CROOKSTON, Minn. (Valley News Live) Controversy in Crookston.
A student's senior picture is being thrown out of the yearbook because he's holding a gun. Mom said it's unfair, but administrators said the new policy is meant to be more consistent.
Riley Schultz is graduating from Crookston High School.
His mom, Breanna Rasmusson, said he likes basketball, America, video games and guns.
"He's angry. He's angry," Rasmusson said.
He's angry because his senior picture was singled out. Deemed inappropriate.
"His exact words were, 'It's my senior year, it's my picture, they told me to pick one. I picked one,'" Rasmusson recalled her son said to her.
The picture is of Schultz sitting on his truck with his rifle he painted and modified by hand. After he submitted the photo mom got call from Crookston Principal Eric Bubna.
"When his first sentence to me on the phone call is, 'We have a 18-year-old boy sitting on a black truck with an assault rifle.' He's like, 'I don't think I can handle this one,'" Rasmusson said.
"You can have a senior photo that has a gun in it, that most people would find perfectly appropriate," Bubna said. "And you can have a senior photo with a gun it that most people would find extremely inappropriate. And then there's everything in-between."
Previously, Bubna has been the gatekeeper of what's allowed in the yearbook.
"This year there was a photo, it wasn't overtly terrible, but it was a little more questionable maybe," Bubna said.
He doesn't want the gatekeeper duty anymore. He made the suggestion to the school board to not allow guns in senior pictures.
"I felt like we needed to be consistent, and just have a policy so that all kids are being treated fairly and that it's not just up to me," Bubna said.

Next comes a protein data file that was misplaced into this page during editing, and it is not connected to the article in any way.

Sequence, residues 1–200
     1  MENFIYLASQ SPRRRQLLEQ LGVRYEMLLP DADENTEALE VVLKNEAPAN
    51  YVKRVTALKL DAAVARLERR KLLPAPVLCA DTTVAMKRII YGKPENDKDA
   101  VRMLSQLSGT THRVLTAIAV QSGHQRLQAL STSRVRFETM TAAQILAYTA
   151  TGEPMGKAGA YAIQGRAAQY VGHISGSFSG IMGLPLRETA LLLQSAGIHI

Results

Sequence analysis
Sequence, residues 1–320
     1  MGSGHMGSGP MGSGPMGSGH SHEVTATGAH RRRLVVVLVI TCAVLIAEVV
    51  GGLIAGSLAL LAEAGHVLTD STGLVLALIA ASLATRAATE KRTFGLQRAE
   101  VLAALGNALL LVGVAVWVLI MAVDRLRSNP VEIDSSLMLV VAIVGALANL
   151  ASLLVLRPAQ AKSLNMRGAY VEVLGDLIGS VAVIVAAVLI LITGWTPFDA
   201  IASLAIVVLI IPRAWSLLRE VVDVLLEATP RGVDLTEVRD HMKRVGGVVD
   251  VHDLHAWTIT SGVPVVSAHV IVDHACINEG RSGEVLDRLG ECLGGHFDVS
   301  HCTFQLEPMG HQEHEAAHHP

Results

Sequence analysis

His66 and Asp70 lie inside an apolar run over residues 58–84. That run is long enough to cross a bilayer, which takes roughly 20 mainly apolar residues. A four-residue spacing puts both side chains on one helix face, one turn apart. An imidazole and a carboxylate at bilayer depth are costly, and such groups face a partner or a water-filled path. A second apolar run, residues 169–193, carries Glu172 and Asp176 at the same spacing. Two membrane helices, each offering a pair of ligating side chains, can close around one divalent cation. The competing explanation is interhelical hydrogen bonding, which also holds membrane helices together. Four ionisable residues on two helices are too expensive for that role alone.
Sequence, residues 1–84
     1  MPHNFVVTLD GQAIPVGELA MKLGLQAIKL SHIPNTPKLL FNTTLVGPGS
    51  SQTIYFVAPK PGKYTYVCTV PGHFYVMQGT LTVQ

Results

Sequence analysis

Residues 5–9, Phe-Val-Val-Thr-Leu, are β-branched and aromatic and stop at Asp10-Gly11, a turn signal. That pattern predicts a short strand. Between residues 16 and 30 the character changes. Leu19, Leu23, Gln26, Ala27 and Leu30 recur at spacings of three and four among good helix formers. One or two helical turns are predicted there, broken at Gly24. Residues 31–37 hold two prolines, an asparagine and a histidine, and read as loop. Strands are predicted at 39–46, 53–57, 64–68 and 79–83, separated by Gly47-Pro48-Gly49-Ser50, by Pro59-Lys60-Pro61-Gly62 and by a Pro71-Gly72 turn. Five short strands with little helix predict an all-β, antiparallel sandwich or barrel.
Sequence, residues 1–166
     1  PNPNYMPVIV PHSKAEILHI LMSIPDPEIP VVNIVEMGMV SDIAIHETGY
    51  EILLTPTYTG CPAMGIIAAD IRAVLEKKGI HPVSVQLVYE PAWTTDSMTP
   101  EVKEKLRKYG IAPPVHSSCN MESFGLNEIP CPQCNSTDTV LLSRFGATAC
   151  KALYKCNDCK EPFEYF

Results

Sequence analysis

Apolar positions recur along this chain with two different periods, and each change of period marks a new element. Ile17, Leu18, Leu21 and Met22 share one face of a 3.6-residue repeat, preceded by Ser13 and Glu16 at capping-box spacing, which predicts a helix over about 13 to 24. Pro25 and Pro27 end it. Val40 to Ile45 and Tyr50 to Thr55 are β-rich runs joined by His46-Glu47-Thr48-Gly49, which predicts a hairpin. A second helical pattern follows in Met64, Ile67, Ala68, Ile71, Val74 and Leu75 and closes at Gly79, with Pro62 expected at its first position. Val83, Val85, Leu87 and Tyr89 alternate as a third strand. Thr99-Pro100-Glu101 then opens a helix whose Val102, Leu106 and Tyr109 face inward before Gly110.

The school board voted to not allow guns in the yearbook. Rasmusson takes issue with that decision.
"I think it's a beautiful picture. Beautiful girl, beautiful gun," Rasmusson said as she holds up a senior picture from last year. It's of a blonde girl holding a hunting rifle. She said it's no different than the picture of her son.
"If you're going to veto one child. You better veto them all. If you're going to veto one gun, veto them all," Rasmusson said.
That's what they did. The school board even voted to ban pictures of guns for the trap shooting team.
"There's been a real push-back on the ban of the trap team and some people have some questions as to why that is," Bubna said.
The next school board meeting there's discussion time slated to review the gun yearbook policy. Rasmusson said the next school board meeting is after the deadline to submit senior pictures.
"I think it's super sneaky. Because, you know what, I guarantee at this next meeting trap shooters are going to be allowed to have their guns," Rasmusson said. "You're worried about offending people, or somebody is going to get upset, or somebody is going to hurt? You're actually hurting more people that care about America and their rights to guns and their amendments. This gun thing has escalated so much."
According to Bubna, the school board will reassess the decision to allow the trap team to have guns in their yearbook pictures, but is comfortable banning guns in senior pictures.
Rasmusson said her son is considering joining the National Guard after he graduates.